Still Life is a poignant, quixotic tale of life, love and the afterlife. Meticulous and organized to the point of obsession, John May (Eddie Marsan) is a council worker charged with finding the next of kin of those who have died alone. When his department is downsized, John must up his efforts on his final case, taking him on a liberating journey that allows him to start living life at last.Written by
The song played at the Greek left-handed bouzouki player's funeral (second in order at the start of the movie) is Misirlou, a song of numerous covers and versions in discography, famously appearing in the Pulp Fiction soundtrack, amongst others. See more »
[about Lesley and Billy]
You know, they never seemed to talk... They just sat there on a bench together... Well, that's what we all want, isn't it?... A woman to be quiet with.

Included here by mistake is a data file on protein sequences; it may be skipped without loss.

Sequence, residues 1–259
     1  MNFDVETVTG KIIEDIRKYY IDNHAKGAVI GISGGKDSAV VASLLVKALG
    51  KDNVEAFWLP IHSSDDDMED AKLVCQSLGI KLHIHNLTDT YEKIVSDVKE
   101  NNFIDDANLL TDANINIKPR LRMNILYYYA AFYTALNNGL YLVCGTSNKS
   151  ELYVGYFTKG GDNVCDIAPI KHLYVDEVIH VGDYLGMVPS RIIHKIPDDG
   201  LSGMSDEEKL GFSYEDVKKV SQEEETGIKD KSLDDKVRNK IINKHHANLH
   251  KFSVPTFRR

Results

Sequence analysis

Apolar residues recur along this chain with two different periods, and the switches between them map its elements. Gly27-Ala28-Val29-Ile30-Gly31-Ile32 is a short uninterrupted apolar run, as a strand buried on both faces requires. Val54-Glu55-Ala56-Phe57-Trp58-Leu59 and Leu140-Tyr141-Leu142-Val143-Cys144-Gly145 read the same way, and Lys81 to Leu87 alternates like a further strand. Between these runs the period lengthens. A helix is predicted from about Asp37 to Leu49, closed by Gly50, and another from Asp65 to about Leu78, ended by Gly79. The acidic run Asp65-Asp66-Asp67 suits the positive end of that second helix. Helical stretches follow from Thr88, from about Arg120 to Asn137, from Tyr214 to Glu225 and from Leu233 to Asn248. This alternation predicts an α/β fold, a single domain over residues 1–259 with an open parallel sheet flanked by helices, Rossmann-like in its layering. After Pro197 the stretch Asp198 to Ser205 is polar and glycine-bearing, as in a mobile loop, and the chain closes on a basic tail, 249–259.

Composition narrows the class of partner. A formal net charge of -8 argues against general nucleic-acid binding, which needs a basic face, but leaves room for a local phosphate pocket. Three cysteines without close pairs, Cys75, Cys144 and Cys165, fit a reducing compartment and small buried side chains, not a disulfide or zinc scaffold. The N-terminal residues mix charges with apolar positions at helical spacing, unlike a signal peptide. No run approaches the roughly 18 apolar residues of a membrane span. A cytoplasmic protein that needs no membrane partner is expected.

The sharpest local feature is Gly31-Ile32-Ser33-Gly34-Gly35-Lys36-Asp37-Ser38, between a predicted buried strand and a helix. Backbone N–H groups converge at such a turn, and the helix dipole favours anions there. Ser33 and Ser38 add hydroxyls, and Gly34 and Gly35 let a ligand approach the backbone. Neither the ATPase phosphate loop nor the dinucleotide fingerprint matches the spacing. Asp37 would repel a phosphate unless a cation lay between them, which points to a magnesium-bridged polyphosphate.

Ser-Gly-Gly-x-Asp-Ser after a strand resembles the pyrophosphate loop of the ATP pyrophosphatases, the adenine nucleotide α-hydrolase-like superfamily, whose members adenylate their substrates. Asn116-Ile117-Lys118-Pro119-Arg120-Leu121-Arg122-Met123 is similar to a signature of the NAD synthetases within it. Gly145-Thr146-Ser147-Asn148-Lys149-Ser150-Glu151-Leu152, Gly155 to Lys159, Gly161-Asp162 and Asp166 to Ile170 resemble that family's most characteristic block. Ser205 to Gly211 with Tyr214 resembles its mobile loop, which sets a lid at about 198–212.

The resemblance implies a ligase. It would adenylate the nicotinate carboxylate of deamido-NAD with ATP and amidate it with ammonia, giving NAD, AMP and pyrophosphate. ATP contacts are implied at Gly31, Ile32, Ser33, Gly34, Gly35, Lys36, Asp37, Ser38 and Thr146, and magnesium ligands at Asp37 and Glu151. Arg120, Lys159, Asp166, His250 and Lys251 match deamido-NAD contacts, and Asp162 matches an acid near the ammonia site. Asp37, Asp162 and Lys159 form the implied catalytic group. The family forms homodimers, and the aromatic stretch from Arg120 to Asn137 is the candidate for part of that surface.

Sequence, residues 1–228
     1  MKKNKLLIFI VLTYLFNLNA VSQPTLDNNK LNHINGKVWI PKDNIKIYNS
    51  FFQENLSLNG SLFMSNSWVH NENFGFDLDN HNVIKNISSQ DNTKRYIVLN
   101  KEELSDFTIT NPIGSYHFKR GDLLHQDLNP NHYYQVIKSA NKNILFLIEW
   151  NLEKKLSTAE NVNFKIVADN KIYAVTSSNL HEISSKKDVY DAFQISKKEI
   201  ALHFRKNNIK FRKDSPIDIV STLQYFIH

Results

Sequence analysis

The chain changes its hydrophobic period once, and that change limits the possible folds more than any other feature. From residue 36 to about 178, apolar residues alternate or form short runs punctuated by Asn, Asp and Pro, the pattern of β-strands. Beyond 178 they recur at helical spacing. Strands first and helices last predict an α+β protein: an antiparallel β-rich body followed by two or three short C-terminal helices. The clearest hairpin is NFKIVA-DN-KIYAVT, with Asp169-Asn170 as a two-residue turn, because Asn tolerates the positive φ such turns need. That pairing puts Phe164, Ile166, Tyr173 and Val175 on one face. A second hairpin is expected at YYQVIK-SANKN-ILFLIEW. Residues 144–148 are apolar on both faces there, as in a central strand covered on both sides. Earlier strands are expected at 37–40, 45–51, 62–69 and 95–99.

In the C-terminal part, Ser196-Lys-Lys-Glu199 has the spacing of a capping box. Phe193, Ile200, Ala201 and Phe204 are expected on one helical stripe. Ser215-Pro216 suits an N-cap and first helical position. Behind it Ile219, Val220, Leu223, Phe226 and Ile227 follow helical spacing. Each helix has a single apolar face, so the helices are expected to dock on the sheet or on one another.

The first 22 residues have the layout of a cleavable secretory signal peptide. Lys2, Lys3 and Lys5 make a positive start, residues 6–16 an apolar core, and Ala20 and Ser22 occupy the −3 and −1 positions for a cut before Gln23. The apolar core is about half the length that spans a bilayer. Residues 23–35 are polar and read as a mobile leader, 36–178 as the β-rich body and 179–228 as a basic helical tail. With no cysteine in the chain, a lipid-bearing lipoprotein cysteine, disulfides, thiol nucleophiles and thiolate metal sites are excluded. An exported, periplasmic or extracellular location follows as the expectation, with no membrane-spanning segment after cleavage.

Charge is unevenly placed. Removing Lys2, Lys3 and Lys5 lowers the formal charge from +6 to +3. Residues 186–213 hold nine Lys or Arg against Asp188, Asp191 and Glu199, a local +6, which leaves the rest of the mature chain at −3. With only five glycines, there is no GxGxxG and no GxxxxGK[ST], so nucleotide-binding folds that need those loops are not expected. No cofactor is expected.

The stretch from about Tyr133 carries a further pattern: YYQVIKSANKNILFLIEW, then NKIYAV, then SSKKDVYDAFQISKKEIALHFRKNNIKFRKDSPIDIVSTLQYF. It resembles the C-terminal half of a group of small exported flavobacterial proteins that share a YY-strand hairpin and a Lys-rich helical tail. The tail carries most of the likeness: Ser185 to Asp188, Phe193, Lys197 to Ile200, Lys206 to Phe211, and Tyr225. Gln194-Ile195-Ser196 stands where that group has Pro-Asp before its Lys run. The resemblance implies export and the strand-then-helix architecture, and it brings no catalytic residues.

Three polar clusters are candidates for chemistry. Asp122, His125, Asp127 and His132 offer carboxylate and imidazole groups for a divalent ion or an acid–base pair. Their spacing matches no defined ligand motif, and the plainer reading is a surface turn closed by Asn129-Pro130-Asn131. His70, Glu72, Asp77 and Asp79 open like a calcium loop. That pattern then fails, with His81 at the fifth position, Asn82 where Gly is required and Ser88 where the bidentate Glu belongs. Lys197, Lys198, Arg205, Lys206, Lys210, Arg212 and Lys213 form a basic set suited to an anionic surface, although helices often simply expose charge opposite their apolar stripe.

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This is a movie that centers on loneliness and living a passive, uneventful life. The setting of the story is a bit unusual but simple, so what makes the movie interesting is the exaggerated sensibility of the main character. The main character is so compassionate and pitiful at the same time that viewers can't help caring about him and wanting to know what happens to him. The acting from all cast is convincing, the main actor especially did a superb job. The movie is slow paced but the mood is so nicely built that I didn't feel bored, on the contrary, I was amazed by the small details and the directors' sensitivity. There are many beautiful still shots of very ordinary things throughout the movie, like the title of the movie suggests. Some scenes are so pathetically real that they become funny. It is overall a good movie and it makes you want to do something about all the loneliness there is in the world.
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